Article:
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Ralph Smith

Other Ohio Exonerations
A little after 10:30 p.m. on February 2, 2000, 24-year-old Rudy Stefanitsis called the police in Pickerington, Ohio, and said he, his wife, and their three children had been robbed in a home invasion.

Stefanitsis said two Black men with guns had forced their way into their home in the suburbs of Columbus and demanded to be taken to the couple’s safe in the basement. He said the men forced him to open the safe and took rare comic books and approximately $10,000 in cash. The men also stole jewelry and other valuables. The men tied up the family with electrical tape, cut the phone line, took their cordless phone, and then left.

Trisha Stefanitsis, who was 23 years old, was able to break free of the tape, and she and the others drove to the house of a family member and called police.

The men wore hats and masks that concealed the lower part of their faces, but the mask of one man, known as “Suspect 2,” kept slipping down, briefly exposing his entire face. In addition, the men wore large coats, which made it harder for Rudy or Trisha to say whether they were skinny or heavy set.

Trisha Stefanitsis described one suspect as about six feet tall, with an open face. She said she did not get a good look at the other suspect, except to note he had “buggier eyes.” The Pickerington police attempted to create a composite sketch, but the lead investigator, Detective David Silvernail, would write that Trisha was unhappy with the results and that “Trisha seemed to be relaying a story rather than recalling a memory.”

She also told the police that on the day of the home invasion, two Black men had gotten out of a black Geo Tracker and knocked on her door. She ushered them away. The 911 call mentioned a similar car.

In their initial interviews with police, Rudy and Trisha Stefanitsis gave a list of people who knew the location of their safe. Rudy mentioned an acquaintance named Dana, who fit the suspect descriptions, and said, “I know for sure [he] had something to do with it. I guarantee it 100 percent.” Silvernail brought Dana in for questioning. He denied any knowledge of the crime, but Silvernail wrote in his notes that Dana “was shaking during the interview.”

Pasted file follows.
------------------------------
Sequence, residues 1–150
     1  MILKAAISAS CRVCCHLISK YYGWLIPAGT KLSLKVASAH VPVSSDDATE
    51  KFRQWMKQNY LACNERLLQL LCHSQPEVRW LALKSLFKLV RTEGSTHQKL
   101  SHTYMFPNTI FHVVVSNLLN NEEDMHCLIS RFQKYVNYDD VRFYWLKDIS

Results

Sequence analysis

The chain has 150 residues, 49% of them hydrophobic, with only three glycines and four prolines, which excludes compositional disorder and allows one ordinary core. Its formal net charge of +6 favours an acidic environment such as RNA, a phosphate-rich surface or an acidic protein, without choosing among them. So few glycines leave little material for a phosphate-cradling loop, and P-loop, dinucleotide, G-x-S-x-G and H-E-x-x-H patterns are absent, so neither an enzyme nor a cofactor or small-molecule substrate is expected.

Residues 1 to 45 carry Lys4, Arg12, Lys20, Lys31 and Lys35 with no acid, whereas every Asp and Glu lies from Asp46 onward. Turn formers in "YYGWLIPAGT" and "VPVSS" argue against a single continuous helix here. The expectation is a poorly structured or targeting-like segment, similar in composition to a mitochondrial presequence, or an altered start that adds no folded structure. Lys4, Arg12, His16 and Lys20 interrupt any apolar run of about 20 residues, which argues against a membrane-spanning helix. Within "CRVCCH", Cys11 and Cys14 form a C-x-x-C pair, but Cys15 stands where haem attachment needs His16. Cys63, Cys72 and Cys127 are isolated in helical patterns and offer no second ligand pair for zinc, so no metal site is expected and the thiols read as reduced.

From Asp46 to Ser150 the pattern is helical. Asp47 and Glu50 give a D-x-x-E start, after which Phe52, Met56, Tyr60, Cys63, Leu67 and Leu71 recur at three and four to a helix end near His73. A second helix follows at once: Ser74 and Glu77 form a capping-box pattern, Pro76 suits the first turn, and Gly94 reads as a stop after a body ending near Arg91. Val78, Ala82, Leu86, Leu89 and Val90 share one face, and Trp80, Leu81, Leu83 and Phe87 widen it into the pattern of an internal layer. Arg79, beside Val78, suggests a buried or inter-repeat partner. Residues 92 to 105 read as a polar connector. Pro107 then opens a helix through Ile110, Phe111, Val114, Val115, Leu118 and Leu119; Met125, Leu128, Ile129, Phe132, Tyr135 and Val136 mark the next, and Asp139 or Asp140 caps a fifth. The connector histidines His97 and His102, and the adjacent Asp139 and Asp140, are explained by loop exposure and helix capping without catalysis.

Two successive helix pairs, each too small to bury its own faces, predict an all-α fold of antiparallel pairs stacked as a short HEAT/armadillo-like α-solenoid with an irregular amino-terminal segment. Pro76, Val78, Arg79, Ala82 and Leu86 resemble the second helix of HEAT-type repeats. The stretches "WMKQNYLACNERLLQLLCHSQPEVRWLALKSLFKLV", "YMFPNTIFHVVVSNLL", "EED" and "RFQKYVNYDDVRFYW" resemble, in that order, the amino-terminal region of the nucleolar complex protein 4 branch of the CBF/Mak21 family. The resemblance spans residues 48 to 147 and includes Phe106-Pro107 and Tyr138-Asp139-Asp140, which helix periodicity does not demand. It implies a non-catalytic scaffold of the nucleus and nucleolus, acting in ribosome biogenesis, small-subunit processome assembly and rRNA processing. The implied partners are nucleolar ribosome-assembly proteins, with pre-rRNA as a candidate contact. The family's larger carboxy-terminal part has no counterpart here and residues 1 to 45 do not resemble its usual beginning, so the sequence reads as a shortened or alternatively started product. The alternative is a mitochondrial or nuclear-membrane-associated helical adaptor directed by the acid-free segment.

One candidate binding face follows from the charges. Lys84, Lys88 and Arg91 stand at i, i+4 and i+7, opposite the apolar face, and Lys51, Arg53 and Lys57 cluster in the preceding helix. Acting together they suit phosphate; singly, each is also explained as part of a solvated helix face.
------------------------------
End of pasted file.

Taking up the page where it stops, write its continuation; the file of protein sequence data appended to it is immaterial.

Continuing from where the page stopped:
Police never recovered any of the stolen items.

A few days after the reported home invasion, a woman named Mary Office told a friend that she suspected 24-year-old Ralph Smith had something to do with the crime. The friend told Larry Stefanitsis, and he told his brother, Rudy, who passed the information to Silvernail.

Smith had a criminal record for burglary and larceny, and Silvernail created a photo array for the Stefanitsises. They came to the police station on February 10, 2000. Silvernail used small pieces of paper to place on the photos to recreate the masks the robbers were said to have worn. Rudy and Trisha Stefanitsis, as well as their six-year-old daughter, chose Smith as “Suspect 2,” but the couple told Silvernail that they wanted to see him in-person to be sure.

Silvernail interviewed Office on February 15, 2000. She said that she did not know for certain that Smith committed the home invasion, but she said that she had heard him talking about a robbery and that these sorts of crimes were “just what he does.”

Silvernail interviewed Smith on March 13 and told him about the identifications. Smith said he had met Larry Stefanitsis a few times but had never met Rudy or Trisha and wasn’t involved in any robbery. Silvernail asked him if he knew a woman named Mary, and whether she had a “vendetta” against him. Smith said he knew Office, whom he had recently dated, but that they were still on good terms. According to a transcript of the interview, Smith thought the whole thing sounded silly, and he asked for the Stefanitsises to look at him in person to show that he wasn’t the person who committed the home invasion.

Rudy and Trisha Stefanitsis testified before a grand jury in Fairfield County, Ohio, on March 17, 2000. The grand jury handed down an indictment against Smith, charging him on two counts of aggravated burglary, three counts of aggravated robbery, two counts of kidnapping, and one count of theft.

After the grand jury met, the couple again told Silvernail that they wanted to have another chance to identify Smith, preferably in person, to be sure. Instead, Silvernail produced a single photograph, labeled with Smith’s name. Both Rudy and Trisha were satisfied with their identification. Silvernail would later testify that presenting the photo in this manner was “an error in judgment.”